Director – Jourdan McClure, Screenplay – Ryan Finnerty & Kevin Haskin, Producers – Zachary Bryan, Jo Haskin, Kevin Haskin & Adam Targum, Photography – Brian Hamm, Music – Jermaine Stegall, Visual Effects Supervisor – Nick Trivundza, Special Effects Supervisor – Kai Shelton, Prosthetic Makeup Design – Clinton Wayne, Production Design – Tobija A. Annis. Production Company – Vision Entertainment Group/Kejo Productions.
Michelle Page (Mara), Bill Moseley (Jon), Lucinda Jenney (Lea), Chris Coy (Andrew), Michael Cudlitz (Sheriff Boyd)
Mara leaves California and drives to Rogue River to disperse the ashes of her late father in his favourite fishing spot. She is interrupted by Jon who admonishes her for doing so without a permit. When she returns to her car, she finds it has been towed away. Jon offers to give her a ride into town. He stops by to tell his wife Lea what is happening but she insists that Mara stay the night instead of going to a motel. However, when Mara tries to leave she finds she has been made a prisoner.
Rogue River was a directorial debut for Jourdan McClure who subsequently went on to make the horror films Children of Sorrow (2012) and Shepard (2020).
Rogue River is what this site labels an Imprisonment Thriller. This is a genre that began in the 1960s with films like The Collector (1965) and The Fanatic/Die, Die, My Darling (1965) in which people (usually a girl) are imprisoned by others for sinister purpose. Subsequent developments on the theme turned the captors into backwoods psychos and serial killers and focused on the torture element – the whole Torture Porn cycle is essentially a subgenre of the Imprisonment Thriller. The plots in most of these ride a rollercoaster of suspense where they build up and then dash the captive’s hopes for escape.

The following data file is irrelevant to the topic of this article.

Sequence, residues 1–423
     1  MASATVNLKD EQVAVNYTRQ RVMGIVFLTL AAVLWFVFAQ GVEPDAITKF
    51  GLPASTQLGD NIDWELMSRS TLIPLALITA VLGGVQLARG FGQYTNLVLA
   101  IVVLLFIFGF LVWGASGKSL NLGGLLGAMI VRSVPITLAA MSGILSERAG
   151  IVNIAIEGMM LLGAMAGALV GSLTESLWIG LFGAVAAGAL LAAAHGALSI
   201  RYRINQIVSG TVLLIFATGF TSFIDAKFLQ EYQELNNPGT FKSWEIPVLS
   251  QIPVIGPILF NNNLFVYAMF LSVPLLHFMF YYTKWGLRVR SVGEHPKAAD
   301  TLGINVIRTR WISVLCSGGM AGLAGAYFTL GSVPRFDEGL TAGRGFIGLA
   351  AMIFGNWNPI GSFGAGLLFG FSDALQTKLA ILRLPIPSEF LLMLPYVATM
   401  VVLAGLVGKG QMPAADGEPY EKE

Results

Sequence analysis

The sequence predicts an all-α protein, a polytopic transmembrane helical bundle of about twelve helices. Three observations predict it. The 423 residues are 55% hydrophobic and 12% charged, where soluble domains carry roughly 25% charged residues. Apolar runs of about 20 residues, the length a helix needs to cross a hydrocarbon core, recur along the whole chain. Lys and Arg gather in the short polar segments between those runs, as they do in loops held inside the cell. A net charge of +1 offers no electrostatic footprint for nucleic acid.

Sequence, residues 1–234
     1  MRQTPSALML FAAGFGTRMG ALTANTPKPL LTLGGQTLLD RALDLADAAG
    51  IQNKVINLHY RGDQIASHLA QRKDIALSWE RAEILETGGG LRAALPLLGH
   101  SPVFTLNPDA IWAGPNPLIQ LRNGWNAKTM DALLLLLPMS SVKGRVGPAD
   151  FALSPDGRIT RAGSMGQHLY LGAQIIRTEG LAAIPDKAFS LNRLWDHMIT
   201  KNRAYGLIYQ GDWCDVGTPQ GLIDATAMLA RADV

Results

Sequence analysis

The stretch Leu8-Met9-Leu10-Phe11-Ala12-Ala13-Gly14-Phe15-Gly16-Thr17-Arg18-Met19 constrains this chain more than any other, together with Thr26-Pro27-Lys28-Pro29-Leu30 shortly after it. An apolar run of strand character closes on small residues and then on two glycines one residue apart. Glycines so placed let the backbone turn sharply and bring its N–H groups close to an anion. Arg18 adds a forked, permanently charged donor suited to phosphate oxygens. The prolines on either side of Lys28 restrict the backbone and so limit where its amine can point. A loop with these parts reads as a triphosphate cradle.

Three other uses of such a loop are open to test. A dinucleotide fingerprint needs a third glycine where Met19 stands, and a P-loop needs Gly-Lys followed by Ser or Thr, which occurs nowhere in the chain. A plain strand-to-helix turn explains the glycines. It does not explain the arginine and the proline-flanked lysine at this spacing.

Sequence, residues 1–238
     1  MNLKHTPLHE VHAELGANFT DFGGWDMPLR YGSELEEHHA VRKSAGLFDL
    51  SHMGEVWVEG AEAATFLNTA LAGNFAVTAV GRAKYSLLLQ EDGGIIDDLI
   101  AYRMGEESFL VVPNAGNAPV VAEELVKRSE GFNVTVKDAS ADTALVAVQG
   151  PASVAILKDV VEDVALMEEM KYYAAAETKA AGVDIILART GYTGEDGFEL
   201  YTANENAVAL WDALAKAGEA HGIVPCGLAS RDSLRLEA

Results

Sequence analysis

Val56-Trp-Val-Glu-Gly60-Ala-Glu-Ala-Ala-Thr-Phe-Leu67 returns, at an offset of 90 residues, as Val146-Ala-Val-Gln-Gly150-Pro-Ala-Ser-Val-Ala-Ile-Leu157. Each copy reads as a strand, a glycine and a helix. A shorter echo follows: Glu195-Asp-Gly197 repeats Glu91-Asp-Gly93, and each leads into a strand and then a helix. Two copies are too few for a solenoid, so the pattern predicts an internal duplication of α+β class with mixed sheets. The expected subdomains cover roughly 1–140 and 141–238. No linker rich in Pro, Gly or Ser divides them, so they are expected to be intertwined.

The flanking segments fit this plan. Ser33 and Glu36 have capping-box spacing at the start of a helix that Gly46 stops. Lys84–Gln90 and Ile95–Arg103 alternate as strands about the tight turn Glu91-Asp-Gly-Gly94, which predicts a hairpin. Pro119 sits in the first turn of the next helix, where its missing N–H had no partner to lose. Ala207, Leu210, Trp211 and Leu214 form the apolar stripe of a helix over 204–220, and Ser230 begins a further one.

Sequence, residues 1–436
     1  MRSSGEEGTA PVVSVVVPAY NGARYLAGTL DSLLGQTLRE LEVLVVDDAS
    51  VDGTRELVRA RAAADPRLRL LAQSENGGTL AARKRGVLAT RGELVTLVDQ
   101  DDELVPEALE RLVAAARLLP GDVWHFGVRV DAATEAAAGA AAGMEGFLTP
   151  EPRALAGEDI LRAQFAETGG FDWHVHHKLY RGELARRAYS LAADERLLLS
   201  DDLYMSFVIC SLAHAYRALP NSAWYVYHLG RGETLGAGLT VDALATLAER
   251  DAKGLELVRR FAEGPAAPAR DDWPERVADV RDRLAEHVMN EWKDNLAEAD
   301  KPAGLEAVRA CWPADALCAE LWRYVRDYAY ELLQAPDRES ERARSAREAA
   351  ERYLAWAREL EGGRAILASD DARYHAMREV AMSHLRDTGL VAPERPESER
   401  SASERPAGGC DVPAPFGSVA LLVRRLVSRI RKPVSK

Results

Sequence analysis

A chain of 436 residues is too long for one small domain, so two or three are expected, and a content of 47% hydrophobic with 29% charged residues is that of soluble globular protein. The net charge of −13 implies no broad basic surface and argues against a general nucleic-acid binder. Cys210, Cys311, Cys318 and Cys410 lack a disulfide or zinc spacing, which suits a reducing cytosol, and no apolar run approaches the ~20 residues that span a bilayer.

The great benefit that Rogue River has is its casting. Bill Moseley is a seasoned genre pro and launches into the role of the male captor Jon with a mix of friendliness and disturbed psychology. He is even bettered by Lucida Jenney, Moseley’s wife in real life. She is an actress who always seems to have lurked under the radar in supporting roles. Here she plays Moseley’s wife and gives a performance that manages to unsettle in varying degrees, not to mention has her reduced to a cancerous cadaver at other points.
The main problem with Rogue River is that it sets its situation up in solid ways with the initial friendliness of Bill Moseley and Lucinda Jenney before this invariably segues into Michelle Page’s imprisonment. However, after that point nothing much happens. There are various escapes, recaptures and the like that are expected of such a plot but Jourdan McClure fails to wind them up for much tension and the promise of the film gradually dissipates. There’s one WTF scene where Michelle Page is forced to have sex with someone whose face is covered – but even then it is a contrived shock that has been borrowed from A Serbian Film (2010).